One of the 2012 Colorado elk team submitted some photographs and a short write-up about our wilderness OTC archery hunt. Extreme Elk Magazine picked it up and ran a 3-page blurb on our hunt. I thought it turned out pretty cool. Those pictures really bring back some sweet memories!
As a break in the last half-dozen or so deer hunt updates from my 2013 season, I figured I’d make a quick post about a new piece of backcountry hunting gear I picked up with some Christmas money.
If you followed the gear reviews, physical preparation, and execution of my DIY Colorado elk hunt in 2012, then you’ll probably remember some of the disgusting water that was consumed via the Sawyer filtering system. On that trip, 2 of the guys were armed with Sawyer filters and the other 2 simply had filter-less bladders that we filled twice daily. It worked but we also wasted a solid 20-30 minutes daily just filtering water for each other. The alternative is to splice in a Sawyer filter directly into your bladder’s water line and drink as needed. Unscrew the lid on your bladder, fill with stream, pond, seep, or elk wallow water, screw the lid back on, and start walking again.
Previously, you had to purchase a water bottle kit and pilfer the filter from the rest of the equipment and it ran about $40. Now, there is a new Sawyer MINI that runs only $20. The flow rate is SLIGHTLY less and the need to back-flush becomes a SLIGHTLY more regular necessity, but this water filter is the real deal and has some neat features that allows you extreme versatility. Splice into a water bladder line, screw onto the top of a water bottle, attach a straw (included) and drink directly from a creek or pond, the list goes on.
I adapted mine into the Badlands water bladder that has served me well over a couple trips now and am so far extremely impressed. Same exact functionality of the filters that I was originally excited about, now at half the cost.
While I don’t have exact dates and commitments on the books yet, I’ll tease you with my long-term 2 year outlook on hunt plans. This September, I hope to spend 7-10 days chasing elk back in Colorado. Next spring, I’ve been planning a spring black bear hunt to a wilderness area in northwest Montana. For fall 2015, Kodiak Island, Alaska for Sitka black-tailed deer is high on the priority list. I’ll also have accumulated enough Wyoming antelope preference points to take a trip to one of the more premier hunt units in 2015 as well. I’ll continue my point accumulation for other species in other states, and there is always the near-certainty of an annual white-tailed deer hunt in the mix as well.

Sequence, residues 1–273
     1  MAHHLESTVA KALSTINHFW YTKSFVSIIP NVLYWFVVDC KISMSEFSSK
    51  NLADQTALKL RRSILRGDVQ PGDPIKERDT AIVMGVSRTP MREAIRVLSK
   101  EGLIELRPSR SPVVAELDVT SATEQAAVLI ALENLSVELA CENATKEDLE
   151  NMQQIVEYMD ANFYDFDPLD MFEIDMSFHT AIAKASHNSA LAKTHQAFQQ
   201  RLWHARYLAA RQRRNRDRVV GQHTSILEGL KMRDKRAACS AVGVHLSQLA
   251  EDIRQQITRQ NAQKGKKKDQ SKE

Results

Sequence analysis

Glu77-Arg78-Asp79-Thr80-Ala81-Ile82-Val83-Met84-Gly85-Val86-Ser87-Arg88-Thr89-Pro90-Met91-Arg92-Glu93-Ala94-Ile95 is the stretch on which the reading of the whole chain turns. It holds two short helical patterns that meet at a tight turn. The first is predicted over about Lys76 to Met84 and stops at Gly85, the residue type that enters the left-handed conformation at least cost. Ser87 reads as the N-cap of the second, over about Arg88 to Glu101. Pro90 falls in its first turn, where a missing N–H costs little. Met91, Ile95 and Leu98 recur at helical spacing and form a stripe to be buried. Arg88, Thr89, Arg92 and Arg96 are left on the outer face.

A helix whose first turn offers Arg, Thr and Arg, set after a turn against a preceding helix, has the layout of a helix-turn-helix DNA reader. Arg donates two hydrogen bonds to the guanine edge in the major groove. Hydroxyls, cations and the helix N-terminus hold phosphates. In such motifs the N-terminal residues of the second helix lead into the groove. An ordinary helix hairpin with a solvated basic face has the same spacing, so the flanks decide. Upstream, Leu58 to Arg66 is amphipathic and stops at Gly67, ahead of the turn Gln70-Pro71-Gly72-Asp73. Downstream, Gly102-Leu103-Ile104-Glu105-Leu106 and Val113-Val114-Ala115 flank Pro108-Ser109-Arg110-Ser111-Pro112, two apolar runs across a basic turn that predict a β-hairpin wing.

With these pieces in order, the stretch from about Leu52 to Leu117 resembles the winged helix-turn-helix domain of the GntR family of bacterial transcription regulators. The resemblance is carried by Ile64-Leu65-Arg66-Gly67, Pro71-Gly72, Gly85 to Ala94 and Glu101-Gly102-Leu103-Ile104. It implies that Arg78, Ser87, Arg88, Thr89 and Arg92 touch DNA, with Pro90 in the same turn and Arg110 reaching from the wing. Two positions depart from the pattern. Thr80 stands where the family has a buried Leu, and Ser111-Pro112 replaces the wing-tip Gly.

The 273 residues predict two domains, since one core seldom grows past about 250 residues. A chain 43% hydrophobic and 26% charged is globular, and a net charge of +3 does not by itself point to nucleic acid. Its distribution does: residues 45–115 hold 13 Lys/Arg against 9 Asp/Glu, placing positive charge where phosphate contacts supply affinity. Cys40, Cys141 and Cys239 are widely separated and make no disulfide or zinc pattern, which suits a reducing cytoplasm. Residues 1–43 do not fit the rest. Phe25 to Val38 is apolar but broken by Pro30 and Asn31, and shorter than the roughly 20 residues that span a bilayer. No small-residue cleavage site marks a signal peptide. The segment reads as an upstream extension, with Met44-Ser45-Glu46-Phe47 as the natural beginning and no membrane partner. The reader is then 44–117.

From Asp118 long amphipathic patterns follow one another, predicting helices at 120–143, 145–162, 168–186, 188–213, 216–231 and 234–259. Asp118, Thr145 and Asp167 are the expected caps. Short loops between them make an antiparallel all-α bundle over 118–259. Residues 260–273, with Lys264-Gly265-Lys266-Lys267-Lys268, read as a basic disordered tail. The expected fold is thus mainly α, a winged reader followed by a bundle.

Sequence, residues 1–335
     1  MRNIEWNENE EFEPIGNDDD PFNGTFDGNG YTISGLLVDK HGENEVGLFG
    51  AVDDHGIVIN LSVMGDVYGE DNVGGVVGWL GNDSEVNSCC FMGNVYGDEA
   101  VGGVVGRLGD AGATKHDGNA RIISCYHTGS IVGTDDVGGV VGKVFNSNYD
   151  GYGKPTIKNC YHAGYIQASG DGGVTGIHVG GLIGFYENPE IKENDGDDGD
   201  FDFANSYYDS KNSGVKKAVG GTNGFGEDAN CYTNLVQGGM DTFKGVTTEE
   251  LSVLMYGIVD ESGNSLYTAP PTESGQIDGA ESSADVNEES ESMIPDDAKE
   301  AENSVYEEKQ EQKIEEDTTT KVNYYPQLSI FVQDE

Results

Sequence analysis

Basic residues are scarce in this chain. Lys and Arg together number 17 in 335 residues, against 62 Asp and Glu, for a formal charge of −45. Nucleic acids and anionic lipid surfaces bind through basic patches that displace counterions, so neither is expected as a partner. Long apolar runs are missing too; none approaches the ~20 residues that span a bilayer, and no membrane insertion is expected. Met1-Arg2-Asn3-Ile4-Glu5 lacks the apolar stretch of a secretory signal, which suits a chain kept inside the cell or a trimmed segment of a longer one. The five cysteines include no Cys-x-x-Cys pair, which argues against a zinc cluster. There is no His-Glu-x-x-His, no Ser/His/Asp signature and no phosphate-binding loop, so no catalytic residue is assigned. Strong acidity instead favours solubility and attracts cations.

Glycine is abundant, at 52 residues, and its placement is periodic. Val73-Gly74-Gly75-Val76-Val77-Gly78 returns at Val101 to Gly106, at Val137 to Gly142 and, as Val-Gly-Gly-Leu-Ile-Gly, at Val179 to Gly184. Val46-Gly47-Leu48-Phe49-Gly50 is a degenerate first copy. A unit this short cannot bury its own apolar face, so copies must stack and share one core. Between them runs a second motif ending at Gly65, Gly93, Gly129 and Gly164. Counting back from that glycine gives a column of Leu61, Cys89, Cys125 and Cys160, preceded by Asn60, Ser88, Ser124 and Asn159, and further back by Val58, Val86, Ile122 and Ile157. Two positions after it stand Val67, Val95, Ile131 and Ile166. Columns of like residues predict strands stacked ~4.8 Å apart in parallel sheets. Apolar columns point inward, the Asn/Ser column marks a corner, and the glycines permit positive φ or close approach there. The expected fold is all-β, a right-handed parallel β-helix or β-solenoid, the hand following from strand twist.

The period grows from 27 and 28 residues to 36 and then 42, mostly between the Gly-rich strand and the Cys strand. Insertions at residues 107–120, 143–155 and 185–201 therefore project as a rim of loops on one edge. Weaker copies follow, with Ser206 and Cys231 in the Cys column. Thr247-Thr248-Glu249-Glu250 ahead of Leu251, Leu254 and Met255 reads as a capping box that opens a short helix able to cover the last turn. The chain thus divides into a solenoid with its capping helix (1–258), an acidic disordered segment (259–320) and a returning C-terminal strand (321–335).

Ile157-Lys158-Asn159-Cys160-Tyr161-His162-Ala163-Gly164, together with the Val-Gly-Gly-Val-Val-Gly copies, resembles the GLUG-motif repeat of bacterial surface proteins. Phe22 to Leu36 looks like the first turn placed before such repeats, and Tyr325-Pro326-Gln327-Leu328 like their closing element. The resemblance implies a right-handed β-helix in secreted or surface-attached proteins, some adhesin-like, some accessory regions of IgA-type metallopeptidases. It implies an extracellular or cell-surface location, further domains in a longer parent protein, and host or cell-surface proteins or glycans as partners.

Again, just a teaser of what might be around the corner. The preparation, planning, and anticipation is honestly half the fun of planning annual “once-in-a-lifetime” trips. Hours spent pouring over maps, hunting forums, aerial images, gear lists – all part of the passion that drives me.
Alright, enough dreamy talk – back to deer hunt updates in the next post.
It’s been exactly one year to the day since Pete and I doubled on bull elk in the high country of Colorado. I’ve been daydreaming about the sound of bugles, the damp dank scent of big timber, and the burning of muscles after a big vertical push to chase elk. Unfortunately, all my daydreaming doesn’t change the fact that an elk hunt is not in the cards for this fall. Hopefully, hopefully, that will not be the case next year.
For the sake of old times, hit up a couple of these links and check out last year’s elk hunt if you haven’t before. I spent a couple hours going through my picture album from that hunt last night and watched a bunch of the video footage too. Ah, memories…
I apologize that I got sidetracked again with elk. Common thing these days with most archery seasons open out West. My buddy from Kansas was able to connect on his first bull after pulling a great early season tag in New Mexico. Far from the biggest one he saw, but this one is no slouch either. Congratulations pal!
I know this is a countdown to deer season, but when ‘BigDan’ speaks…you listen. Seriously, this guy has established himself as one of the most consistent DIY archery elk hunters over the past 3 or 4 decades. Bowsite just did an interview with him and it’s a great listen. Check it out.